NASA Daily News Summary For Release: Feb.

25, 1999 Media Advisory m99-039 TODAY'S SUMMARY: ROBOTIC ROVER, SPACESUITED GEOLOGIST WORK TOGETHER IN TEST OF FUTURE EXPLORATION INTERNATIONAL SPACE STATION VISIBLE FROM SELECTED CITIES THIS WEEK PROGRAMMING NOTE: INTERNATIONAL SPACE STATION TELECONFERENCE TODAY TARGETS RESEARCHERS AND INDUSTRY VIDEO FILE FOR FEB. 25, 1999 ********** ROBOTIC ROVER, SPACESUITED GEOLOGIST WORK TOGETHER IN TEST OF FUTURE EXPLORATION NOTE: Local angle in Barstow, CA NASA is testing a remotely operated planetary rover and an advanced prototype spacesuit in southern California this week to see how robots and humans might someday work best together to explore other planets. A team of scientists and engineers from NASA's Ames Research Center (ARC), Moffett Field, CA, and Johnson Space Center (JSC), Houston, TX, is conducting the first field test involving the Russian-built Marsokhod rover and a geologist wearing a NASA advanced prototype spacesuit. Dubbed the Astronaut-Rover Interaction for Planetary Surface Exploration (ASRO) experiment, the four-day primary science mission was conducted Feb. 22-25 in the Mojave Desert, east of Los Angeles; a public demonstration will be held on Saturday, Feb. 27. For full text, see: ftp://ftp.hq.nasa.gov/pub/pao/pressrel/1999/99-027.txt

********** If NASA issues any news releases later today, we will e-mail summaries and Internet URLs to this list. Index of 1998 NASA News Releases: http://www.nasa.gov/releases/1998/index.html Index of 1999 NASA News Releases: http://www.nasa.gov/releases/1999/index.html ********** INTERNATIONAL SPACE STATION VISIBLE FROM SELECTED CITIES THIS WEEK A new star is rising. The International Space Station (ISS) assembly -- currently consisting of the energy and control block "Zarya" and the U.S. connecting module "Unity" -- is visible to the naked eye as a (not-so-faint-anymore) star. As ISS assembly continues over the next four-five years, the faint dot will grow to a brilliant star in the morning and evening skies, second only in brightness to the planet Venus, the brightest object (besides the moon) at dawn and dusk. A viewing schedule for 3000 cities is available from: http://www.hq.nasa.gov/osf/station/viewing/issvis.html ********** PROGRAMMING NOTE: INTERNATIONAL SPACE STATION TELECONFERENCE TODAY TARGETS RESEARCHERS AND INDUSTRY Commercial and scientific use of the International Space Station will be the topic as research and development professionals and managers in industry and academia join NASA and other experts in a live interactive teleconference. The program, linked to many sites across the country, will air from 1 - 3 p.m. EST, today, on NASA Television. See http://centauri.larc.nasa.gov/issvc97/mbusines.htm ********** VIDEO FILE FOR FEB. 25, 1999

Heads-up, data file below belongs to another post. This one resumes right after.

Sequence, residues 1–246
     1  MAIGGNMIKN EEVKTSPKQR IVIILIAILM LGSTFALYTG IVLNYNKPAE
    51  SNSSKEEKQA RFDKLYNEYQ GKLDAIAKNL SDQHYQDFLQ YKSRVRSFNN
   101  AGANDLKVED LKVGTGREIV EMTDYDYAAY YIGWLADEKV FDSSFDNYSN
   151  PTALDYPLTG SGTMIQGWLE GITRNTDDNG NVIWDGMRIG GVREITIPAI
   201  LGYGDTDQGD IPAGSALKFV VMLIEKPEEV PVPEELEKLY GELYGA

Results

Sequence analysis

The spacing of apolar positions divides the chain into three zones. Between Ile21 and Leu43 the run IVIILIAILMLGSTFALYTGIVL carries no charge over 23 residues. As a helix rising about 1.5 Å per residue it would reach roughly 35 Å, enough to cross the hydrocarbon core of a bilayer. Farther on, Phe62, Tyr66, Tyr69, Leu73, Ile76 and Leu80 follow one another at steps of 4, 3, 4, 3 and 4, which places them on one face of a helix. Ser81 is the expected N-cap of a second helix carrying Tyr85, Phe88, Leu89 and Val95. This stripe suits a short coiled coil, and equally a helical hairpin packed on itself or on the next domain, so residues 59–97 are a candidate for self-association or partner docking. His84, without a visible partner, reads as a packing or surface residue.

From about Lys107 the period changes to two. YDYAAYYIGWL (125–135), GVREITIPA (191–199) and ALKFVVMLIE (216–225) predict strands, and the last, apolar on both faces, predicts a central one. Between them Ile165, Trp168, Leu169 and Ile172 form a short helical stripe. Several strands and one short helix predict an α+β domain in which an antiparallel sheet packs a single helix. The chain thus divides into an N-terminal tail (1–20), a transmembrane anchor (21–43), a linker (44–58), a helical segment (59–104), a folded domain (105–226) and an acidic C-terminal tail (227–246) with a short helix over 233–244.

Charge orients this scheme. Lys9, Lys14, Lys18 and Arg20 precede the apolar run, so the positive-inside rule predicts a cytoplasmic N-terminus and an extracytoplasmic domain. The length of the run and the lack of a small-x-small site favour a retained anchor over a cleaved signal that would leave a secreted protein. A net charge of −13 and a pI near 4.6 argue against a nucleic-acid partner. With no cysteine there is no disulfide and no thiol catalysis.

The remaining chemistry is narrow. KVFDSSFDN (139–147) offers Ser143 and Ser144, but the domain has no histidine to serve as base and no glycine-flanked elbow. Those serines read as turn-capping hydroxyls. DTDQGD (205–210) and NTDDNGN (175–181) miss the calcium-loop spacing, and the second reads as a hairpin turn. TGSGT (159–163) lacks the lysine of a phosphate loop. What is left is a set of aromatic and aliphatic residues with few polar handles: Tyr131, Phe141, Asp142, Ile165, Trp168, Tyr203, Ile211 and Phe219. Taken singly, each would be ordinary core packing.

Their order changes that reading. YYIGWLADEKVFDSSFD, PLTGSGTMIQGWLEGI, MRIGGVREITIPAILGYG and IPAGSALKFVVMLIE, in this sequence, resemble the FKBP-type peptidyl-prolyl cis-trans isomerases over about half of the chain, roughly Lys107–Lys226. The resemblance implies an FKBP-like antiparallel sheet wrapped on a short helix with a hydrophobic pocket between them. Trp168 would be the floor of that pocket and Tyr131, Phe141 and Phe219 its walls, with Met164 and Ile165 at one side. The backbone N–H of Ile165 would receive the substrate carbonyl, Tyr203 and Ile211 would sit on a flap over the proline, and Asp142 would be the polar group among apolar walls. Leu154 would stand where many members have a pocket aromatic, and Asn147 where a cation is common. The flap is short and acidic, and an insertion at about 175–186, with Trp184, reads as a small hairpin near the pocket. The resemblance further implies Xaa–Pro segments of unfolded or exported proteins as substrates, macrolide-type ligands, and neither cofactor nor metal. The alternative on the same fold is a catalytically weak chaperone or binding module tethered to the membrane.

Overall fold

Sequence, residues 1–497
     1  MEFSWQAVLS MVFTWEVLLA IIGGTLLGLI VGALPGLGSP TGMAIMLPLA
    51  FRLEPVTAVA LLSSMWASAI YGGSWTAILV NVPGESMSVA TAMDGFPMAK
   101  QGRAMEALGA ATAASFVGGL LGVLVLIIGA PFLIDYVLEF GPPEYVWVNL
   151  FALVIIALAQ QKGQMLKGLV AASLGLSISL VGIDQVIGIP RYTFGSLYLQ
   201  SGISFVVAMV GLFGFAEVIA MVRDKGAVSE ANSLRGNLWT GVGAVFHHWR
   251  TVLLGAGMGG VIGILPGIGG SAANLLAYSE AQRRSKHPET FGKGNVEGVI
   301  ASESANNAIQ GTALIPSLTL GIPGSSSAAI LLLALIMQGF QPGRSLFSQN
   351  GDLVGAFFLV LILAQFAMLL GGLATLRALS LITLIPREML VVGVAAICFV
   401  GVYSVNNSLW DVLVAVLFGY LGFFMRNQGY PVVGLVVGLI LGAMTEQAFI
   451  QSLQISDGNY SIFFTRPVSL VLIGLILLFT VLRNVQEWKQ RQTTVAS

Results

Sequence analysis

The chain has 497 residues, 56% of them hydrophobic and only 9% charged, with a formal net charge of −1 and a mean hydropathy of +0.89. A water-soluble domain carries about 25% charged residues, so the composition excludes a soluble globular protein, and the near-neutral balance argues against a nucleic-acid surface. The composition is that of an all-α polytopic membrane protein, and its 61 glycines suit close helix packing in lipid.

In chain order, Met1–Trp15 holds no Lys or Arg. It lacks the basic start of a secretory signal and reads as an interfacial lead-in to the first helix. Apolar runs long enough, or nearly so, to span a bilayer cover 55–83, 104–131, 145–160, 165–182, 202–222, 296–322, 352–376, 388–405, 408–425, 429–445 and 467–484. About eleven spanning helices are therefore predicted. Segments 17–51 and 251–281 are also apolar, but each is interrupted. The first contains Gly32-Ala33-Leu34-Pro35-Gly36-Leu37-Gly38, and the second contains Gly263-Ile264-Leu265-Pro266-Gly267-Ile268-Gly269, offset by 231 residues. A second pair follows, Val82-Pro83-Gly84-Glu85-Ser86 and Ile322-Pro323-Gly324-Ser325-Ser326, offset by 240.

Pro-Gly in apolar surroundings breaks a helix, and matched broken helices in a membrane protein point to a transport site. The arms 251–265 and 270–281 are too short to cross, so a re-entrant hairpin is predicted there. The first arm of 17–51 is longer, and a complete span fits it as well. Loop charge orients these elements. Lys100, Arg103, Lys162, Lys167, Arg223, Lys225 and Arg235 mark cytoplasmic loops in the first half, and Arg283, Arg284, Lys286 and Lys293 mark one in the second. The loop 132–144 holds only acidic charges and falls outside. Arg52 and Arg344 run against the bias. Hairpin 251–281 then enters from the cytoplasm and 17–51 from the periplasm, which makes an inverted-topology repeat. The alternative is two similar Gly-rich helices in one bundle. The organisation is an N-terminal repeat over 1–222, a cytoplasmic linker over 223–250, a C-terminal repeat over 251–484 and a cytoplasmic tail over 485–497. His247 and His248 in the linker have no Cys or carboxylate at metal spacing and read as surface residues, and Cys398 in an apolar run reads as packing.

ITEM 1. ROBOTIC ROVER, SPACESUITED GEOLOGIST WORK TOGETHER IN TEST OF FUTURE EXPLORATION ITEM 2. EL NINO & LA NINA (replay) ITEM 3. WIDE-FIELD INFRARED EXPLORER (WIRE) TO STUDY STARBURST GALAXIES (replay) ^^^^^ ITEM 1. ROBOTIC ROVER, SPACESUITED GEOLOGIST WORK TOGETHER IN TEST OF FUTURE EXPLORATION NASA is testing a remotely operated planetary rover and an advanced prototype spacesuit in southern California this week to see how robots and humans might someday work best together to explore other planets. Contact at NASA Headquarters, Washington, DC: Doug Isbell 202/358-1753. Contact at NASA Ames Research Center, Moffett Field, CA: Michael Mewhinney 650/604-3937. Contact at NASA Johnson Space Center, Houston, TX: Kelly Humphries / Phil West 281/483-5111. ITEM 2. EL NINO & LA NINA (replay) Contact at NASA Headquarters, Washington, DC: David E. Steitz 202/358-1730. Contact at NASA Goddard Space Flight Center, Greenbelt, MD: Wade Sisler 301/286-6256. ITEM 3. WIDE-FIELD INFRARED EXPLORER (WIRE) TO STUDY STARBURST GALAXIES (replay) Contact at NASA Headquarters, Washington, DC: Donald Savage 202/358-1547. Contact at NASA Goddard Space Flight Center, Greenbelt, MD: Lynn Jenner 301/286-0045. ^^^^^

NASA normally airs the Video File at noon, 3:00, 6:00, 9:00 p.m. and midnight Eastern Time. NASA Television is available on GE-2, transponder 9C at 85 degrees West longitude, with vertical polarization. Frequency is on 3880.0 megahertz, with audio on 6.8 megahertz. Ray Castillo NASA Headquarters, Washington, DC: 202/358-4555. For the most recent NASA Video File Advisory, see: ftp://ftp.hq.nasa.gov/pub/pao/tv-advisory/nasa-tv.txt For general information on NASA Television, see: http://www.nasa.gov/ntv ********** CONTRACT AWARDS NASA posts contract awards to: http://procurement.nasa.gov/EPS/award.html NASA issues the Daily News Summary at approximately 2:00 p.m. Eastern Time on business days when we issue news releases, new Video File material or schedule live events. Members of the news media who wish to subscribe to or unsubscribe from this list should send an e-mail message to: brian.dunbar@hq.nasa.gov END OF DAILY NEWS SUMMARY